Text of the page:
RSSI



  • RSSI (Receive Signal Strength Indicator) Indicates how well the local station receives the remote unit's transmission in dBm. from the measurement of one packet.




  • NAV (Virtual carrier sense)

    It is interesting that the RTS set its NAV covering  to the end of whole RTS-CTS-DATA-ACK process. How about a RTS has not been ACKed with a proper CTS. Then all the nodes around the sending node will wait for such a long idle period, and just wasting the bandwidth?! The standard provides a solution, that the nodes could reset NAV if it does not hears DATA packet at some time. However, it is still seems not perfect because anyway, the NAV settings broadcasted by RTS has to be re-confirmed by a following DATA frame, the first setting in RTS seems always flexible and non-compulsive. Thus, schemes could just say, we set the NAV first to "2 x aSIFSTime) + (CTS_Time) + (2 x aSlotTime", then announce the final decision in DATA frame. This is very useful, in case that the sending node cannot be sure how long it takes to transmit without a CTS reply in some scheme
    Excerpts from 9.2.5.4
    STAs receiving a valid frame shall update their NAV with the information received in the Duration/ID field,
    but only when the new NAV value is greater than the current NAV value and only when the frame is not
    addressed to the receiving STA. Various additional conditions may set or reset the NAV, as described in
    9.3.2.2. When the NAV is reset, a PHY-CCARESET.request shall be issued.
    Figure 53 indicates the NAV for STAs that may receive the RTS frame, while other STAs may only receive
    the CTS frame, resulting in the lower NAV bar as shown (with the exception of the STA to which the RTS
    was addressed).
    A STA that used information from an RTS frame as the most recent basis to update its NAV setting is permitted
    to reset its NAV if no PHY-RXSTART.indication is detected from the PHY during a period with a duration
    of (2 x aSIFSTime) + (CTS_Time) + (2 x aSlotTime) starting at the PHY-RXEND.indication
    corresponding to the detection of the RTS frame. The ¡°CTS_Time¡± shall be calculated using the length of
    the CTS frame and the data rate at which the RTS frame used for the most recent NAV update was received.
    Figure 53¡¬™RTS/CTS/data/ACK and NAV setting

    SIFS & DIFS & Slottime

    In the 1Mbps or 11M DSSS standard (1999), SIFS are 10us, and aSlottime is 20us. So, the basic reason for those values are CCA has to use 15us and a round-trip time is less than 5us, so the maximum round-trip of propagation delay is 5*300/2= 750m. However, some wireless LAN for outdoor claims coverage as several miles. In that case, it has to change this Slottime value or there are only 2 nodes in the network.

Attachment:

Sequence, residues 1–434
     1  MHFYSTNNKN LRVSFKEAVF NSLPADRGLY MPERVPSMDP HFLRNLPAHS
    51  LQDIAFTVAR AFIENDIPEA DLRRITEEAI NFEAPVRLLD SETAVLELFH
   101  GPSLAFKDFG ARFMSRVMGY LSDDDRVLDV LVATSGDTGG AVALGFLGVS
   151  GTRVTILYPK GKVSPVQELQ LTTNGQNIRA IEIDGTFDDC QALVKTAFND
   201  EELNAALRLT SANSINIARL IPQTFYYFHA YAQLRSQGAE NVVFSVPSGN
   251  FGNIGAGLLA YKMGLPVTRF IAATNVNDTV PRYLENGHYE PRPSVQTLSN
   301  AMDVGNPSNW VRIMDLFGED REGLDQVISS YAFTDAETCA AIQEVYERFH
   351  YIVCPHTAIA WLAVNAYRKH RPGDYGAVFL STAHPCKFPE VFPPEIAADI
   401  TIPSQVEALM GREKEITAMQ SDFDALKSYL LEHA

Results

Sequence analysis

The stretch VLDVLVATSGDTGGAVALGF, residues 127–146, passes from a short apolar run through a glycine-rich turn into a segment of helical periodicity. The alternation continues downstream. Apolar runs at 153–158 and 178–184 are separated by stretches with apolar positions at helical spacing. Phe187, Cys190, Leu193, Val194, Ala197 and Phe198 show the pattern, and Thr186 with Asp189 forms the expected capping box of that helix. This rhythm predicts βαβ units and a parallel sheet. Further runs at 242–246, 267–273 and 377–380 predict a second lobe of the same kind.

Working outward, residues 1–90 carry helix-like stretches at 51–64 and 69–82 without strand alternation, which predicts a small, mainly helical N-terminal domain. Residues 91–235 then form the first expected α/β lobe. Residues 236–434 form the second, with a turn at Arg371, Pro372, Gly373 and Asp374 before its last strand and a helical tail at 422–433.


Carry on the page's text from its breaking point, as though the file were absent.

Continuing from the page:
Excerpts from standard:
    aSIFSTime and aSlotTime are fixed per PHY.
    aSIFSTime is: aRxRFDelay + aRxPLCPDelay + aMACProcessingDelay + aRxTxTurnaroundTime.
    aSlotTime is: aCCATime + aRxTxTurnaroundTime + aAirPropagationTime
    + aMACProcessingDelay.
    The PIFS and DIFS are derived by the following equations, as illustrated in Figure 58.
    PIFS = aSIFSTime + aSlotTime
    DIFS = aSIFSTime + 2xaSlotTime
    The EIFS is derived from the SIFS and the DIFS and the length of time it takes to transmit an ACK Control
    frame at 1 Mbit/s by the following equation:
    EIFS = aSIFSTime + (8xACKSize) + aPreambleLength + aPLCPHeaderLngth+ DIFS

    Beacon:

    It is not strange that in Infrastructure mode, a beacon is necessary to let AP inform the following STAs. But in ad-hoc mode , beacon is also necessary to maintain synchronization and exchange ESSID information between those ad-hoc nodes. In "ad-hoc" nodes are going to form an IBSS ( Independent Basic Service Set). It does not mean those nodes listening a same channel are automatically being in the same ad-hoc network. Actually, nodes need to join a service set identified with SSID ( Service Set IDentifier). Thus, nodes staying in the same channel still cannot communication if they belong to different "SSID". Beacons are very important in 802.11 MAC. Unfortunately, ns-2 MAC implementation of 802.11 ignores the function and overhead of "beacon".

    Broadcast:

    Broadcasting packets is also regarded as an MPDU, so it also has to obey the carrier sense & backoff. Excerpts from the standard:

    In the absence of a PCF, when broadcast or multicast MPDUs are transferred from a STA with the ToDS bit clear, only the basic access procedure shall be used. Regardless of the length of the frame, no RTS/CTS exchange shall be used. In addition, no ACK shall be transmitted by any of the recipients of the frame. Any broadcast or multicast MPDUs transferred from a STA with a ToDS bit set shall, in addition to conforming to the basic access procedure of CSMA/CA, obey the rules for RTS/CTS exchange, because the MPDU is directed to the AP. The broadcast/multicast message shall be distributed into the BSS. The STA originating the message shall receive the message as a broadcast/multicast message. Therefore, all STAs shall filter out broadcast/multicast messages that contain their address as the source address. Broadcast and multicast MSDUs shall be propagated throughout the ESS.
    There is no MAC-level recovery on broadcast or multicast frames, except for those frames sent with the ToDS bit set. As a result, the reliability of this traffic is reduced, relative to the reliability of directed traffic, due to the increased probability of lost frames from interference, collisions, or time-varying channel properties.

    Power & Energy Efficeincy